Looking to avoid an outbreak of the flu among local schoolchildren, the Stillwater Central School District is working with public health officials and has sent parents a letter urging them to play a leading role in keeping their kids healthy.
The letter from district Superintendent Dr. Stanley Maziejka focuses on the steps that can be taken to minimize exposure to the H1N1 influenza — commonly known as the swine flu — and other illnesses.
“The most important thing we can do is to heighten parents’ awareness and share the facts public health experts know about the flu,” explained Maziejka in a recent interview.
Topping the list of five recommendations for parents is making sure that children “wash their hands often with soap and water or an alcohol-based rub” to kill germs and limit the transmission of viruses.
“You can set a good example by doing this yourself,” Maziejka said in his letter.
Parents are also urged to discourage children from sharing “personal items” like unwashed utensils and drink boxes with other children. The early detection of flu-like symptoms is also an important way to minimize the spread of illness, the superintendent said.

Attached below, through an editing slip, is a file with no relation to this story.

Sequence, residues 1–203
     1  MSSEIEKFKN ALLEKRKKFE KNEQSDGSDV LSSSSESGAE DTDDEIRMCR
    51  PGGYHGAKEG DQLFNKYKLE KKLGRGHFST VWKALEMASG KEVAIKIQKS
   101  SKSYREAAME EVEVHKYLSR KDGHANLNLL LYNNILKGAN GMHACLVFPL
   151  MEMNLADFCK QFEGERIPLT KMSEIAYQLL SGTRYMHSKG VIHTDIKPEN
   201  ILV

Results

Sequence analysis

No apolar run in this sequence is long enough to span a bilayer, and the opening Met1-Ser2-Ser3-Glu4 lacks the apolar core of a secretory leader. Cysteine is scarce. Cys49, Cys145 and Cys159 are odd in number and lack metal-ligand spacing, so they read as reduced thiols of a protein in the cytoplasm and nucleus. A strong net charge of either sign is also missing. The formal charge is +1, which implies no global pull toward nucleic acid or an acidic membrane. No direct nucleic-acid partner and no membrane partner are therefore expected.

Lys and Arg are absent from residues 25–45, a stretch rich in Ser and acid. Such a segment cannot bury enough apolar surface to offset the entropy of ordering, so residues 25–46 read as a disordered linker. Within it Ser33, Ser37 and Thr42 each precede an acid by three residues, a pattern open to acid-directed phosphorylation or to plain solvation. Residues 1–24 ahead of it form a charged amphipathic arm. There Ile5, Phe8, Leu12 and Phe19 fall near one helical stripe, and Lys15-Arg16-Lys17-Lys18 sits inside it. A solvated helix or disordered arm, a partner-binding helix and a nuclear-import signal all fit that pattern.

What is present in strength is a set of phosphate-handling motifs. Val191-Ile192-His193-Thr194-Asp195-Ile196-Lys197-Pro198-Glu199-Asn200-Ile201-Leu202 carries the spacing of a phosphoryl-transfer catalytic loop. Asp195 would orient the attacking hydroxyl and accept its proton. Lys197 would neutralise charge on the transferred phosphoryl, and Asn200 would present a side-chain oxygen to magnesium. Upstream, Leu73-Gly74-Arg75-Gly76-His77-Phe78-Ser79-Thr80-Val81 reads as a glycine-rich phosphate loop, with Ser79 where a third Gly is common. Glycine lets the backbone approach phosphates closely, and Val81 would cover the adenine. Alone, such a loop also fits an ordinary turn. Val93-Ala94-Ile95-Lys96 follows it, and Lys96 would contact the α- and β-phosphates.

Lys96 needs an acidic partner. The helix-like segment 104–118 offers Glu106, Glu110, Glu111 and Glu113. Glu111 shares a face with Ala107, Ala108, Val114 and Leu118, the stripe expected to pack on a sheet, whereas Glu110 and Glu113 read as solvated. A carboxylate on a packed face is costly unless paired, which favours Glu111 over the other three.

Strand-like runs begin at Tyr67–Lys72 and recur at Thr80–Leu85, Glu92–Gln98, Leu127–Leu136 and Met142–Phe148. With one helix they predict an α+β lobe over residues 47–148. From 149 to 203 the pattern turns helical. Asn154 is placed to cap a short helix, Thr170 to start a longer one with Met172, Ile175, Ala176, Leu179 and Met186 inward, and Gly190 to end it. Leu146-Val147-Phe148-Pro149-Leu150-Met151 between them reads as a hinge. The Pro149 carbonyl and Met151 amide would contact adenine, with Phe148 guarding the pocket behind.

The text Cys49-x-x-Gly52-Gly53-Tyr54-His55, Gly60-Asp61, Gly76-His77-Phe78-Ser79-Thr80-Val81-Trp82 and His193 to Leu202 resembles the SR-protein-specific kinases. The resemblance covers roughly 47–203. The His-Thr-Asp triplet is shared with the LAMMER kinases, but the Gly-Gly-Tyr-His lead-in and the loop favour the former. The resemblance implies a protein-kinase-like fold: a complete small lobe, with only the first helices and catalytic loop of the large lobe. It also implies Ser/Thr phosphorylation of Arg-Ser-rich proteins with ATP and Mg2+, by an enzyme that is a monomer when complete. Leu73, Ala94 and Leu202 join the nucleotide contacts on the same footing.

In a change in policy spurred by concern about the possible spread of the flu this fall, children being sent home from school in the Stillwater district because of illness “will wear protective masks to reduce the risk of spreading the illness” while they are waiting for parents to pick them up. This change is in compliance with the recommendations of the federal Center for Disease Control (CDC), Maziejka said.
Public health officials have indicated that symptoms of the flu include a fever with a temperature in excess of 100 degrees Fahrenheit, a cough, a sore throat, a runny or stuffy nose, body aches, headache and feeling tired.
To avoid spread of a virus, both the CDC and the state Health Department recommend keeping a child home from school for at least 24 hours after there are no more signs of a fever.
The flu most often affects persons between the ages and 5 and 24.
Concern over the spread of the H1N1 influenza virus has been a major focus of public health officials since a global outbreak took place in the spring.
Starting in Mexico, the rapid spread of the deadly virus was unusual because flu outbreaks have historically been the most serious in the cooler fall weather.
The largest number of cases in the spring outbreak affected those between the ages of 5 and 24 meaning school age children may be particularly susceptible to the disease.